The Wisconsin Union Directorate gave permission Wednesday night for the Distinguished Lecture Series to bring controversial anti-Islamic and feminist speaker Ayaan Hirsi Ali to campus.
In her memoir, “Infidel,” Hirsi Ali spoke out against the Muslim religion and outlined some of the horrors she faced during her childhood in her devout Muslim family, including genital mutilation, DLS Director Reid Tice said.
Hirsi Ali escaped an arranged marriage and fled to the Netherlands, where she became a Dutch politician, Reid said.
Her short film titled “Submission,” a 10-minute movie about the treatment of women in traditional Muslim society, resulted in the murder of the movie’s director and death threats to Hirsi Ali by a Muslim extremist, according to Tice.
While the lecture should revolve around feminism rather than religion, Tice said the controversy surrounding Hirsi Ali would call for slightly heightened security measures.
“The lecture should not be controversial in itself,” Tice said.
There would be several police officers around Hirsi Ali at all times while she is on campus, said Tice.
Tice said the University of Wisconsin Police Department is investigating the situation and determining a security proposal for the event. Hirsi Ali has spoken at six other universities around the country without security issues.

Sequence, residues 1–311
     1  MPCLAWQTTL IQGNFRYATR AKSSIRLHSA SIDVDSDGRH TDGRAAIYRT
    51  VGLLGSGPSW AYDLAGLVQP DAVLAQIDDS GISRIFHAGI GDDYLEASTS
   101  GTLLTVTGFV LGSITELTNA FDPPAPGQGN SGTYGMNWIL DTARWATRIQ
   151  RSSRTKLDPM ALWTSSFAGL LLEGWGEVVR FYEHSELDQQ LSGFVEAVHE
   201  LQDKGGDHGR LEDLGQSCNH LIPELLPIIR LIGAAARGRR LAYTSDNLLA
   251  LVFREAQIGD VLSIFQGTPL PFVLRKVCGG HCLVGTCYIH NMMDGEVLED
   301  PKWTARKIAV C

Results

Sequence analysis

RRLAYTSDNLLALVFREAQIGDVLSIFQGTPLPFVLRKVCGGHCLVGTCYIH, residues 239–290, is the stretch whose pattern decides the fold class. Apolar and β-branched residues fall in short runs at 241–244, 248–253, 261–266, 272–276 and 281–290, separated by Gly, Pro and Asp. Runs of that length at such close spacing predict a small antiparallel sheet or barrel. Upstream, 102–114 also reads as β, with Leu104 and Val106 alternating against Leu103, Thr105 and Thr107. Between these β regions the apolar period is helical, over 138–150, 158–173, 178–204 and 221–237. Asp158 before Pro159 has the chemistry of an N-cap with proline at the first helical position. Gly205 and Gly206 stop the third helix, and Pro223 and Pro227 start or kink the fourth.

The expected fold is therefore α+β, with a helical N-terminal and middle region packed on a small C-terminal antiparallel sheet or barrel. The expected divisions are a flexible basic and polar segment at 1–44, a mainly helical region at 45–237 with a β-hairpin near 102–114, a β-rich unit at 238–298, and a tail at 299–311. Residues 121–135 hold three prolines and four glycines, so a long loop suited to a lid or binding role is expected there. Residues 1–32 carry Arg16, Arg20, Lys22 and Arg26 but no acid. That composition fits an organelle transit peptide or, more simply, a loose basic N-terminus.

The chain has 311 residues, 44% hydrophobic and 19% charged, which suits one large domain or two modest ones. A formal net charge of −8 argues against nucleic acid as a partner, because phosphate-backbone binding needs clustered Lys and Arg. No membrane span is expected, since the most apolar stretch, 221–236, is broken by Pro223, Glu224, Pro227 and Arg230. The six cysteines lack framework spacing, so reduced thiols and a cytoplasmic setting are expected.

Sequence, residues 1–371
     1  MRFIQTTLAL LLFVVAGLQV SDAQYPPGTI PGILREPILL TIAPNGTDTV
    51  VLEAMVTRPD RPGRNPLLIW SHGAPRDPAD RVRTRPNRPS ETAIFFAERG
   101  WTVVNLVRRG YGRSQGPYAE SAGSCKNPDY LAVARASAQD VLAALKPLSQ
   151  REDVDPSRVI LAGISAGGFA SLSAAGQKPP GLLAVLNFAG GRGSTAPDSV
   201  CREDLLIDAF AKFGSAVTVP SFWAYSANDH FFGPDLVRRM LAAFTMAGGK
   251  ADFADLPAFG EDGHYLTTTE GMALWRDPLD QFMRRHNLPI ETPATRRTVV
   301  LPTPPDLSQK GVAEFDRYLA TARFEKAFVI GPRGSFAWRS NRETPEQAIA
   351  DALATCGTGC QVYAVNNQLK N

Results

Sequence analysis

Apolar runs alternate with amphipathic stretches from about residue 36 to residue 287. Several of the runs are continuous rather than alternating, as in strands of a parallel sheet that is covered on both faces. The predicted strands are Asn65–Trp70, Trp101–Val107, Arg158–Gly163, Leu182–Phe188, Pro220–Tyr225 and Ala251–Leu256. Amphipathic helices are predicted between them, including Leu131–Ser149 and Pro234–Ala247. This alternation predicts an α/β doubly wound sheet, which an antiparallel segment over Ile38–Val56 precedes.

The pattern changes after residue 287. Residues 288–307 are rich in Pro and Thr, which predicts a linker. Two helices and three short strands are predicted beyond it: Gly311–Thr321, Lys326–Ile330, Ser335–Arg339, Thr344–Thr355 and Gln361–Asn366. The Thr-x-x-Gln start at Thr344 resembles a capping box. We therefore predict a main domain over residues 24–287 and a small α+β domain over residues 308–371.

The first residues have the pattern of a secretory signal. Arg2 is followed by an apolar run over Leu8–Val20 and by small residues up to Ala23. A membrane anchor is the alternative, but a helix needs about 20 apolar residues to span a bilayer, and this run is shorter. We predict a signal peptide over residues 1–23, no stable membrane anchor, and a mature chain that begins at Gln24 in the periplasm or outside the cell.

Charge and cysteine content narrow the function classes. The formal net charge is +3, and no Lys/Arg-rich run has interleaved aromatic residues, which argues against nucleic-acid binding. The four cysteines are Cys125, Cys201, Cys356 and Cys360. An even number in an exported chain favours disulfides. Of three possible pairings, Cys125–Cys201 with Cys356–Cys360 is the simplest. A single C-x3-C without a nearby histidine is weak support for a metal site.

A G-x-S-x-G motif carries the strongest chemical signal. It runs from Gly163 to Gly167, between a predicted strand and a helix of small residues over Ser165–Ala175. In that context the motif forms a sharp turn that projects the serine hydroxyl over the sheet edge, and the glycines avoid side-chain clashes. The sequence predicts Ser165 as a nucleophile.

Hoping to foster an open dialogue on campus, Tice said at the WUD meeting he had met with the leaders of the UW branch of the Muslim Student Association, who spoke for an hour on Hirsi Ali’s potential lecture.
At the presentation, MSA President Rashid Dar showed the DLS committee a 15-minute video highlighting some of the issues that came along with giving Hirsi Ali a prominent stage, Tice said.
“If she would have her way, everyone will leave the theater thinking Islam is evil,” Dar said.
Hirsi Ali’s argument that Islam provides the means for Muslims to oppress women promotes hatred, Dar said.
While he acknowledged his past involvement on the DLS committee, Dar felt DLS did not think the consequences of her arrival through.
In the wake of the attempted Christmas bombing of a Northwestern Airlines flight, Dar said people are more suspicious of Muslims in general. He said an example of this is the calls he receives a few times a week from Muslim students to be escorted on campus because they feel uncomfortable walking with a headscarf.
“We’re trying to be as open about this as possible. We don’t want to promote an agenda,” Tice said.
According to Tice, everything for Hirsi Ali to come to UW is ready to go, and she was waiting to have the confirmation to come to speak.
WUD approved Hirsi Ali to speak at Memorial Union Feb. 2.
“First and foremost, I trust the integrity of the DLS committee,” Said Patrick Tilley, vice president for project management at the union and a WUD voting member. “I liked how he opened up a discussion with the MSA. I think that was very pivotal in how I was persuaded. I think it’s just a different perspective.”